It has become increasingly clear that it is next to impossible for Hong Kongers to exercise their rights to speech and assembly without the fear of persecution. Freedom-loving, pro-democracy Hong Kongers have to find a new home because their beloved city is no longer safe for them.
Second, when the U.S. removes Hong Kong’s special treatment, it will cause economic pain on Communist China, but it’s the Hong Kong people who will suffer the most. Hong Kong’s economy already declined after months of unrest in 2019 and the coronavirus outbreak in the first half of 2020.
Hong Kongers’ knowledge, skills, work ethic and their devotion to freedom will make them a good addition to our great nation. They will no doubt enrich any community that welcomes them with open arms.
Losing special economic status and facing the U.S. economic sanctions will likely prompt mainland Chinese businesses and international businesses to move their operations, transactions and trade to other places, taking capital and jobs with them. Hong Kong people will be left to suffer economic hardship. If they want a better life for themselves and their families, they have to pack up and leave.
Third, welcoming Hong Kongers benefits the United States too. Hong Kongers are well-educated. Since English is an official language in the city, many Hong Kongers are already used to communicating in English on a daily basis. Hong Kongers are also industrious, creative and resourceful. They successfully transformed Hong Kong from a small fishing village into an international financial and trade center and one of the wealthiest places in the world.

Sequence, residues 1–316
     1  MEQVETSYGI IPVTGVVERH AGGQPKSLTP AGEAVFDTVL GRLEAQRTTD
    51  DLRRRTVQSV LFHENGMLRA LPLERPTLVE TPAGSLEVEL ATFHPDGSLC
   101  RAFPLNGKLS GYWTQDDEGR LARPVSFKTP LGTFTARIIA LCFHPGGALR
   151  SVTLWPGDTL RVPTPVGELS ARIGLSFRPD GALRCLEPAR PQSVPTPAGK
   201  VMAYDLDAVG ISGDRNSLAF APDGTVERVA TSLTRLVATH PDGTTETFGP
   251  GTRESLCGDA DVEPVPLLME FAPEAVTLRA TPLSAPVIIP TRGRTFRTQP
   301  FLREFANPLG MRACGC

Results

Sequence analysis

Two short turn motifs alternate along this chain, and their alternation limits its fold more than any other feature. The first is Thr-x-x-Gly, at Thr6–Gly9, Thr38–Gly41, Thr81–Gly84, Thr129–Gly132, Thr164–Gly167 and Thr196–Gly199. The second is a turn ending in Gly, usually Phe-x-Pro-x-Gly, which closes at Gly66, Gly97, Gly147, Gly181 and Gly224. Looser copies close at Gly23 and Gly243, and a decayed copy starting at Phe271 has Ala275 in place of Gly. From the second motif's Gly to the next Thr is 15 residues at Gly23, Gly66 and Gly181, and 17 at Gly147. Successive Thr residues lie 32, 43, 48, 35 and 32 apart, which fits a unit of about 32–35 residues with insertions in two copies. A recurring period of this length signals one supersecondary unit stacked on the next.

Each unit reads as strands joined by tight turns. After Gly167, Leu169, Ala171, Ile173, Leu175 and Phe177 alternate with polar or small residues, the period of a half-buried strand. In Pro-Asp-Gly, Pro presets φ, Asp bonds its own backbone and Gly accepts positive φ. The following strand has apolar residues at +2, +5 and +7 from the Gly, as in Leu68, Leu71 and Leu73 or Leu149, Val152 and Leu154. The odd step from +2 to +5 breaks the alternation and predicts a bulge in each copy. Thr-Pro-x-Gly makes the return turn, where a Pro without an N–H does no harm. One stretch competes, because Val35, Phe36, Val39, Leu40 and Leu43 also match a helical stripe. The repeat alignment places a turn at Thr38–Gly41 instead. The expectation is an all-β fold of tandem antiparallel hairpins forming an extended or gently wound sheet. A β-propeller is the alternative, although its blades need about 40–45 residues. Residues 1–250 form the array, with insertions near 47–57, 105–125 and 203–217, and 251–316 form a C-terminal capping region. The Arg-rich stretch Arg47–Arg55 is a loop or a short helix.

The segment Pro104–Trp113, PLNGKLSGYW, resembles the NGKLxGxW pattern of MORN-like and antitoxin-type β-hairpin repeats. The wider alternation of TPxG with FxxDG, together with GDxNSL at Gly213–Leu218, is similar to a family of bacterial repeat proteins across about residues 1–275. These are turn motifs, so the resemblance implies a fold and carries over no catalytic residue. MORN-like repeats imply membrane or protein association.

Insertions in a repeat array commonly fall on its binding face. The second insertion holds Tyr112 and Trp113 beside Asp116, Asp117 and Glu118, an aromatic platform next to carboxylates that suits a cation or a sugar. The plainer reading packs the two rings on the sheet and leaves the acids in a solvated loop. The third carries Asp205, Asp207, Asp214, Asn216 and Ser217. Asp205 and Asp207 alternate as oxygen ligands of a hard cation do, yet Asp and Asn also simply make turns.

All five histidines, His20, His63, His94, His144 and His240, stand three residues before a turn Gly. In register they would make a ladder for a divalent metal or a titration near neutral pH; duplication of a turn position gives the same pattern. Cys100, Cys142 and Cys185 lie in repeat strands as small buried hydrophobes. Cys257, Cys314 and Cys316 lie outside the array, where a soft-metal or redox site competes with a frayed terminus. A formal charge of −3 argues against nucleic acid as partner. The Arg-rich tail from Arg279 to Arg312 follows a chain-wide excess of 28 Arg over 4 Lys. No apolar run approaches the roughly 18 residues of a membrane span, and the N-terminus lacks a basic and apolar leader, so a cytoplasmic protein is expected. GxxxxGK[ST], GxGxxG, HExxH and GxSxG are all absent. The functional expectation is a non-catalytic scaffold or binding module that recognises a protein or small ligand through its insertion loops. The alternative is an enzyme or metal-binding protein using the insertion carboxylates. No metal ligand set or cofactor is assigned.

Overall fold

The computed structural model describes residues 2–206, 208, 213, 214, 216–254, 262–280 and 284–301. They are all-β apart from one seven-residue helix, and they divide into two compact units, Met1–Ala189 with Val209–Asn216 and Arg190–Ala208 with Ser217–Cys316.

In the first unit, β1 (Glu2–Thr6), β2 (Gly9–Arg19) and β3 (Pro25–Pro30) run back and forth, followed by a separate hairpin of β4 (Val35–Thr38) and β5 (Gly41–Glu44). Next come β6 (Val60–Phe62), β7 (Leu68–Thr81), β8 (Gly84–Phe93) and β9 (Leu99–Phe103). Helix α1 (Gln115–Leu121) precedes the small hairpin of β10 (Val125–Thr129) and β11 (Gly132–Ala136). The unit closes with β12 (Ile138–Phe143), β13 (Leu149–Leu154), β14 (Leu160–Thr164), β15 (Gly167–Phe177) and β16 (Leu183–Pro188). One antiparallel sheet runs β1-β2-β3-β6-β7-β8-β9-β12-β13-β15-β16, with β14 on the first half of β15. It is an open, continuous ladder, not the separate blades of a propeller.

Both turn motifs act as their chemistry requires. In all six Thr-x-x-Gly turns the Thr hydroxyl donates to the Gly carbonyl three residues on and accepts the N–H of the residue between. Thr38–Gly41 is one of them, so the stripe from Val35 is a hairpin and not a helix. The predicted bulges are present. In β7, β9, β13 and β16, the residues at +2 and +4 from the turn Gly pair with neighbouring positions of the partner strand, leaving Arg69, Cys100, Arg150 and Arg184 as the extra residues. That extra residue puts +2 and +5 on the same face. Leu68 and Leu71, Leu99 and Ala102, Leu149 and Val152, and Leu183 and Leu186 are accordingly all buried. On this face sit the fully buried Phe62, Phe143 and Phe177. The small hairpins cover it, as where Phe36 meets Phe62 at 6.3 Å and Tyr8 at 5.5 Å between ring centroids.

Most importantly, Hong Kongers are well-versed in democracy and have a deep appreciation for political freedom. They often look up to the U.S. for inspiration. More than once, we have seen them wave American flags and heard them sing the American anthem during their protests.
Their peaceful mass demonstrations, last summer especially, demonstrated their dignity and maturity as responsible citizens, serving as a powerful rebuttal to Beijing’s assertion that western democracy is incompatible with Chinese people and culture. Hong Kongers’ knowledge, skills, work ethic and their devotion to freedom will make them a good addition to our great nation. They will no doubt enrich any community that welcomes them with open arms.
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The British government is reportedly already working on a migration plan that would allow some Hong Kongers to settle in the United Kingdom. It’s time for the Trump administration to join our closest ally in this noble effort and designate a special process to speed up the application and approval process for any Hong Kongers seeking political asylum in the United States.
It is in our nation’s DNA to serve the unique role of being “the last best hope of earth,” in the words of Abraham Lincoln, for freedom-loving people around the world. People of Hong Kong are at the front line fighting against tyranny. They simply wish to have what we Americans know very well: freedom and the right to self-determination. The United States can and should help them. Let’s welcome them to our land of the free.